Altria Vs. Vector: Whose Dividend Do You Trust?

Bigger isn’t always better when it comes to dividends.

No doubt Cramer urges “Mad Money” homegamers to seek out sizable company payouts as a dependable way to fatten up their portfolios, but a high yield can often times be more a warning than invitation.

Take Vector Group , a tobacco play that offers 9.3 percent. If Cramer had his choice—and right now he thinks the growth is this business is under pressure, whether from regulations or fewer smokers—he’d rather see investors in Altria Group . Sure, it yields a lesser 6.3 percent, but the underlying business is much, much stronger than Vector’s.

Liggett Group, Vector’s cigarette subsidiary, controlled just 2.7 percent of the market in 2009, shipping about 8.6 billion cigarettes. Ever hear of these brands? Eve, Grand Prix, Liggett Select, Pyramid? Probably not unless you’re a hardcore smoker. Now compare that to big MO, controller of more than 50 percent of the U.S. tobacco market. Altria shipped 148.7 billion cigarettes in 2009 and boasts highly visible brands like Marlboro, Virginia Slims and Parliament.

But again, this business is under serious pressure now. And it’s Altria’s ability to weather the storm that also sets it apart from Vector. See, MO also dominates 50 percent of the smokeless tobacco biz (think chew and snuff), boasts a strong cigar business in John Middleton and owns 28 percent of SABMiller, the world’s second-largest brewer. This diversification gives Altria a leg up on Vector, which by contrast owns 50 percent the largest residential brokerage company in the New York metro area.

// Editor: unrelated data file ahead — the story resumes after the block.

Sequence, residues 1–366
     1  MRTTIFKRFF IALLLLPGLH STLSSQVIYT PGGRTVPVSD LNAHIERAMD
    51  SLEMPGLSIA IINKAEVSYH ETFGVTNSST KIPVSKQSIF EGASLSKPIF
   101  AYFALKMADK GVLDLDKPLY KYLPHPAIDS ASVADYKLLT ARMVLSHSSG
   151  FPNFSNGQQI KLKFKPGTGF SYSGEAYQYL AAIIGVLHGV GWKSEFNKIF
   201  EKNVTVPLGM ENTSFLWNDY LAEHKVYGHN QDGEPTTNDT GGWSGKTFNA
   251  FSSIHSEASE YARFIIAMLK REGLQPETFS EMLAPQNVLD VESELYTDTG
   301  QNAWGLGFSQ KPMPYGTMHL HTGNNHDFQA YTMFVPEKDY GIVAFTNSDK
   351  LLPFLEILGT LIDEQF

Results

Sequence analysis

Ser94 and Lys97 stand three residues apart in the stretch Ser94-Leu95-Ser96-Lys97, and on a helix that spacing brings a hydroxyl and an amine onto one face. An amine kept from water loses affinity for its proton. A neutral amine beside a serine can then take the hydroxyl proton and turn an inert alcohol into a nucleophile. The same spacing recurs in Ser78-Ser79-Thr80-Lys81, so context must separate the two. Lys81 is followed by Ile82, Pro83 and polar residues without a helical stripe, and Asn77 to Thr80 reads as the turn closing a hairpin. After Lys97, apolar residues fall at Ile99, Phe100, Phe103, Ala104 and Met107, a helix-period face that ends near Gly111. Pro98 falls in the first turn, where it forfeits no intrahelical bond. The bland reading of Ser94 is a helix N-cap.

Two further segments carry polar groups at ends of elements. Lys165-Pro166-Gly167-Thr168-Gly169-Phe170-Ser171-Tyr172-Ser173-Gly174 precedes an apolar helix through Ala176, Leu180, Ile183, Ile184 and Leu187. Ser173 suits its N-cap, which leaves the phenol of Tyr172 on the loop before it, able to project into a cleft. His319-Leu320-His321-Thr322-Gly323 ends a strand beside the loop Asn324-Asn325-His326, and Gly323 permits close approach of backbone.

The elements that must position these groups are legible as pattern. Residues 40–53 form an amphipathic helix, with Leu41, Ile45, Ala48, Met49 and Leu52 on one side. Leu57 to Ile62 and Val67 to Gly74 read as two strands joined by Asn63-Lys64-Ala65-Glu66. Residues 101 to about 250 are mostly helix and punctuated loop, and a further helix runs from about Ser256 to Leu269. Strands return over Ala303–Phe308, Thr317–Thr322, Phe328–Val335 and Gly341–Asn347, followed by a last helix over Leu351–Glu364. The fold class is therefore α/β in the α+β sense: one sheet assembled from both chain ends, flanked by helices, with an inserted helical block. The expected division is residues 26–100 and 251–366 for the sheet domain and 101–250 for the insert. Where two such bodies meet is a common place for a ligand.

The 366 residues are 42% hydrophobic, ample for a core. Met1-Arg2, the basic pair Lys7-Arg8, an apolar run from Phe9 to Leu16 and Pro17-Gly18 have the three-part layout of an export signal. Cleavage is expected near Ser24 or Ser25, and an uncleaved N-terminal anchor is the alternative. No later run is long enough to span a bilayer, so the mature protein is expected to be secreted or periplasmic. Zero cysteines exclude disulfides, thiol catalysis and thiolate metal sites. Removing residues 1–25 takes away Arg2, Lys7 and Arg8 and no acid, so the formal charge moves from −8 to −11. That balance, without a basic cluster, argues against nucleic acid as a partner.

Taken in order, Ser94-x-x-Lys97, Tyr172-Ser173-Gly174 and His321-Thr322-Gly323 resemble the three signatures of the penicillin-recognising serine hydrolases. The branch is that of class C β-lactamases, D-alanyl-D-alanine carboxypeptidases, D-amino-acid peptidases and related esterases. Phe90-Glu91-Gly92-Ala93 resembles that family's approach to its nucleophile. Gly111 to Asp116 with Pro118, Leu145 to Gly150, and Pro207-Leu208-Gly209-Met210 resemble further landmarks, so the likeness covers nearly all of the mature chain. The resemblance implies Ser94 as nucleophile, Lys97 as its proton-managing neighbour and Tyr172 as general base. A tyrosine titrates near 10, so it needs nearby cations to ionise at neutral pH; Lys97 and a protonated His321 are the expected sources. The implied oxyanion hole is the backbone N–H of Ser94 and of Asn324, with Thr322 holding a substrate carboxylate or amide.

“Maybe there’s some value there,” Cramer said, “some bizarre synergy. I thought about it all day. I didn’t see it.”

Hence these numbers: For the first nine months of 2010, Vector’s operating income declined 23 percent from the year before. Altria’s climbed 5.6 percent. Still, that’s the slow part of the business. And Altria offset that with its smokeless division, whose operating income jumped 94 percent in that same period. Plus, the company raised prices, something Vector with its lack of brand loyalty couldn’t do.

And then there’s the dividend. Vector pays 40 cents a share a quarter, but earned just 14 cents a share at its last report. That’s unsustainable. Not to mention, the company’s share price has been slipping, which is the real reason that yield is up so high.

With the ailing business, weak earnings and overexposure to a struggling industry, Cramer can’t recommend Vector for its dividend, no matter how attractive the yield looks. Because there’s a very good chance that dividend gets cut. Better to go with Cramer fave MO.

“Why would you ever own a loser like Vector,” Cramer asked, “when you could own a best-of-breed player like Altria instead?”

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